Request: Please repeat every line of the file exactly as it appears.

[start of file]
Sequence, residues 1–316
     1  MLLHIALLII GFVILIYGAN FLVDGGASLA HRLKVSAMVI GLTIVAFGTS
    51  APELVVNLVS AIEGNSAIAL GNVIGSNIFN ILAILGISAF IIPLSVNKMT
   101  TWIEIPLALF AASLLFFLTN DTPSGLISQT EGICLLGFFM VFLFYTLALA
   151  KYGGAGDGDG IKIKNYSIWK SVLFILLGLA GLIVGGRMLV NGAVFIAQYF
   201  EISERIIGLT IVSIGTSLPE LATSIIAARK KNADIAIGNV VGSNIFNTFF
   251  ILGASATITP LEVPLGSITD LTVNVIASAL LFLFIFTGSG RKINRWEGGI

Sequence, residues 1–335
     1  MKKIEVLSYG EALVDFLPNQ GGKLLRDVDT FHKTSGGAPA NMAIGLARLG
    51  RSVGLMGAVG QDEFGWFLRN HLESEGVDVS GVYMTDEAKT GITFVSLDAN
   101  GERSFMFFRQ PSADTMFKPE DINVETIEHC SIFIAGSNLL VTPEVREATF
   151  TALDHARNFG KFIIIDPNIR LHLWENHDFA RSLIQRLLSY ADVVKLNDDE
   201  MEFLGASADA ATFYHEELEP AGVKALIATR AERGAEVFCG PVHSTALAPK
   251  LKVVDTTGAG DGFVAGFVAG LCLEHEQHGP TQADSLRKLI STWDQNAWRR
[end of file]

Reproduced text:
Sequence, residues 1–316
     1  MLLHIALLII GFVILIYGAN FLVDGGASLA HRLKVSAMVI GLTIVAFGTS
    51  APELVVNLVS AIEGNSAIAL GNVIGSNIFN ILAILGISAF IIPLSVNKMT
   101  TWIEIPLALF AASLLFFLTN DTPSGLISQT EGICLLGFFM VFLFYTLALA
   151  KYGGAGDGDG IKIKNYSIWK SVLFILLGLA GLIVGGRMLV NGAVFIAQYF
   201  EISERIIGLT IVSIGTSLPE LATSIIAARK KNADIAIGNV VGSNIFNTFF
   251  ILGASATITP LEVPLGSITD LTVNVIASAL LFLFIFTGSG RKINRWEGGI

Sequence, residues 1–335
     1  MKKIEVLSYG EALVDFLPNQ GGKLLRDVDT FHKTSGGAPA NMAIGLARLG
    51  RSVGLMGAVG QDEFGWFLRN HLESEGVDVS GVYMTDEAKT GITFVSLDAN
   101  GERSFMFFRQ PSADTMFKPE DINVETIEHC SIFIAGSNLL VTPEVREATF
   151  TALDHARNFG KFIIIDPNIR LHLWENHDFA RSLIQRLLSY ADVVKLNDDE
   201  MEFLGASADA ATFYHEELEP AGVKALIATR AERGAEVFCG PVHSTALAPK
   251  LKVVDTTGAG DGFVAGFVAG LCLEHEQHGP TQADSLRKLI STWDQNAWRR